The Grandmother Problem

As someone who is a devoted lover to online social media platforms and other online communities, I see a lot of content being shared, posted, retweeted and reposted. Whether this information being shared is correct or untrue I still see it everywhere. Most often than not the most untrue information I see being shared is on Facebook. “More than half of online adults in the U.S. aged 65 or over are now using Facebook,” we learn from Shea Bennett. We also learn that this is very much greater than to the “10 percent of seniors who are using Twitter”. This often is called the “the grandmother problem”, which is that the majority of false online information being shared is by older people who are more unfamiliar with the online space.

Knowing that this information is false, and more often than not shared by a family member or someone you care about, how do we approach this problem? “Experts agree that being non-confrontational is key,” according to Craig Silverman from Buzzfeed. Being as empathic and respectful as possible is the way to go. Most times when false or fabricated information is shared, they aren’t always aware that the information is false, outdated, or untrue. Confronting these people about what they shared from a point of empathy in non-public way and encouraging them to do more research and find out the facts for themselves is the best way to help combat this issue. Daniel Kent founded Net Literacy, which is an organization to help senior citizens gain basic internet skills and be more confident about getting online. “I think it’s fundamentally about treating [older people] with concern and respect. Recognizing that perhaps they had the best of intentions, but the execution on their part perhaps wasn’t the most, the most thoughtful and mindful,” he said.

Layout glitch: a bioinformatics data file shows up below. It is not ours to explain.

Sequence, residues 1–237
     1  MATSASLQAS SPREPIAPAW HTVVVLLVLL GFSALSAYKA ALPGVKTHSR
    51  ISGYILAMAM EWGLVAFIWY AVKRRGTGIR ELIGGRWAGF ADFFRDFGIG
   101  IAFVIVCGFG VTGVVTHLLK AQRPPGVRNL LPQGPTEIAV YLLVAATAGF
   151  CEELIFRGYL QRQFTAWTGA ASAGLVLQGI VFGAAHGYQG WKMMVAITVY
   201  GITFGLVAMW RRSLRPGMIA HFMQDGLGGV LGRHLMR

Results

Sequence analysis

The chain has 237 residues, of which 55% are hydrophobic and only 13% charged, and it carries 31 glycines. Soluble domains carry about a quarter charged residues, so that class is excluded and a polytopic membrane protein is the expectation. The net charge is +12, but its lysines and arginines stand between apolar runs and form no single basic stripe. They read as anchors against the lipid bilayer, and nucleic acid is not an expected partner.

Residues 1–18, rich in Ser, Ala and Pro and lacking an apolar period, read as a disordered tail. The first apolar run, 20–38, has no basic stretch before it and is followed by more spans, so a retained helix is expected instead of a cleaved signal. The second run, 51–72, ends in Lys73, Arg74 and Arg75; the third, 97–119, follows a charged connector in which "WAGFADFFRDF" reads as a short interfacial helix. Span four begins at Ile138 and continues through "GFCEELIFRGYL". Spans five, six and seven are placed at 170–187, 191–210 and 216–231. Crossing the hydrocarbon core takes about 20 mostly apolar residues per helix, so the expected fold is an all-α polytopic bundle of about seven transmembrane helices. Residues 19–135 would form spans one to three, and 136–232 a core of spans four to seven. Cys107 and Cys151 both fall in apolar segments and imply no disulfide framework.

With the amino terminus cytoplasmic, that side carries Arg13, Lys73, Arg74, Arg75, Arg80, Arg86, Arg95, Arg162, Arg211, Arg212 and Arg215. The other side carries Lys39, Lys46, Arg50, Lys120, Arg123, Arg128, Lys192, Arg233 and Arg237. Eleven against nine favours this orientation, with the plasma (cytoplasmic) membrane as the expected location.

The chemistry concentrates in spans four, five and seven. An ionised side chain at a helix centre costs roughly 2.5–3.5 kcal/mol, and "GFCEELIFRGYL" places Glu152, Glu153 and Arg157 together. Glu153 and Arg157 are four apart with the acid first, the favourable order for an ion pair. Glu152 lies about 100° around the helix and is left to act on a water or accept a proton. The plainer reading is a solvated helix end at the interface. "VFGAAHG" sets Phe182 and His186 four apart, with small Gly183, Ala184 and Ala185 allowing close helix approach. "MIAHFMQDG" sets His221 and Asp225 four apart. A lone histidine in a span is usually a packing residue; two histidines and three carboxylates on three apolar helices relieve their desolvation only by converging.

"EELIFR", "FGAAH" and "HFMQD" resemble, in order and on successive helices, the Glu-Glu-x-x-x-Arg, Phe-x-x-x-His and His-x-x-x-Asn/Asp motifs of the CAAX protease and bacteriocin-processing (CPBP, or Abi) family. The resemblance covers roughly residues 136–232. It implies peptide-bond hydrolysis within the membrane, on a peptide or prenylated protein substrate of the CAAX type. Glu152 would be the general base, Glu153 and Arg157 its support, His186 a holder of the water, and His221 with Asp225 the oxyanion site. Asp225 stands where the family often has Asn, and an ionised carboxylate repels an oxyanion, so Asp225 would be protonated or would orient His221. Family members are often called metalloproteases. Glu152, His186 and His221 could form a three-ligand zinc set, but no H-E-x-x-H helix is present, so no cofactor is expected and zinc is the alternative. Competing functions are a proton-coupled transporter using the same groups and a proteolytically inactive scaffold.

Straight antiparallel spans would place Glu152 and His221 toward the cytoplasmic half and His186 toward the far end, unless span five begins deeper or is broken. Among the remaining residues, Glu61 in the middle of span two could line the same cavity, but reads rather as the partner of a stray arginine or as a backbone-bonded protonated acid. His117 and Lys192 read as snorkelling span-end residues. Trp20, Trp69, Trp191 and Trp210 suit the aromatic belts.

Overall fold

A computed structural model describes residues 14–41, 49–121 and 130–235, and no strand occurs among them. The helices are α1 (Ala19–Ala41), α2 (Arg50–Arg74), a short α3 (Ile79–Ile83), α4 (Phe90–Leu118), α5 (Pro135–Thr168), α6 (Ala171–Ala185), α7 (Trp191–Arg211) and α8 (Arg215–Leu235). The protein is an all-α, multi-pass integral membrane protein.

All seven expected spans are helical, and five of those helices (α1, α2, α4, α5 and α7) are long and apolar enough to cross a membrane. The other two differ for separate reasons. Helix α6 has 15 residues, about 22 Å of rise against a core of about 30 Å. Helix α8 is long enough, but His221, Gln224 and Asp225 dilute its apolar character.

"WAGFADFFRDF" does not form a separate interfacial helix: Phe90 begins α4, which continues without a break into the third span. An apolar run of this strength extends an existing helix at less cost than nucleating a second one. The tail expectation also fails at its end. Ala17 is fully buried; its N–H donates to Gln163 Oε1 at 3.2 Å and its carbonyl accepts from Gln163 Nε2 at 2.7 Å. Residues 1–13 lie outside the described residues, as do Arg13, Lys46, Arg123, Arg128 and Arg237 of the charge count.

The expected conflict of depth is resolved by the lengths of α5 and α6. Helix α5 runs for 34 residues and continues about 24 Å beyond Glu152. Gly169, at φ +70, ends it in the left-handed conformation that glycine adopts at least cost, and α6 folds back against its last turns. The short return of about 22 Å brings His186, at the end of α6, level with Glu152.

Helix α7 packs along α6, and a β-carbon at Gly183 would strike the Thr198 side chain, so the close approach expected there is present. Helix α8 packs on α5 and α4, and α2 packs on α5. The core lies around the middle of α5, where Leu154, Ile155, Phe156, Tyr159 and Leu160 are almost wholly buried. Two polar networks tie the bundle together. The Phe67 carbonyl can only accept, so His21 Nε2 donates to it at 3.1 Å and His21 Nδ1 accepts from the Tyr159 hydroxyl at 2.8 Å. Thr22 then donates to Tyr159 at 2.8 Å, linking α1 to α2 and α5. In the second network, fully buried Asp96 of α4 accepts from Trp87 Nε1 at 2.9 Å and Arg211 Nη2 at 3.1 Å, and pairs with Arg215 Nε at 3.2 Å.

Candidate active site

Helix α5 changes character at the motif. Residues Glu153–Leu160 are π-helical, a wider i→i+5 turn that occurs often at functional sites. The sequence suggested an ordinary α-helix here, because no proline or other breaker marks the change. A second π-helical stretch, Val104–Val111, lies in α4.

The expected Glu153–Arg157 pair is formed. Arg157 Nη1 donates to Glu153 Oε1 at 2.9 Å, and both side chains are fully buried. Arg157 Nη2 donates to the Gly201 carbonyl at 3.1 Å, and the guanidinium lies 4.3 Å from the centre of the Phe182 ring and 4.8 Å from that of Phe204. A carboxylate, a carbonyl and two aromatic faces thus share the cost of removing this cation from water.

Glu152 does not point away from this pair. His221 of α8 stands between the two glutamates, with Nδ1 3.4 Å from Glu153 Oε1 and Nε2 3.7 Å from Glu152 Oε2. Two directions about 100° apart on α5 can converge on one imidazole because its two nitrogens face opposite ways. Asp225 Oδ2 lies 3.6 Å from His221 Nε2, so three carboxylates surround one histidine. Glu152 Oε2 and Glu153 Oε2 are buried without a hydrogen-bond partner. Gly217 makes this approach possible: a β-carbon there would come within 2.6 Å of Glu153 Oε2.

Also taking into account that everyone is human and makes mistakes. As the Internet and online space is growing and evolving so much every day, staying updated on new technology and techniques isn’t always easy, especially for older people. Looking in the mirror and seeing that you yourself also makes mistakes and have shared untrue information without realizing the implications and repercussions this can cause.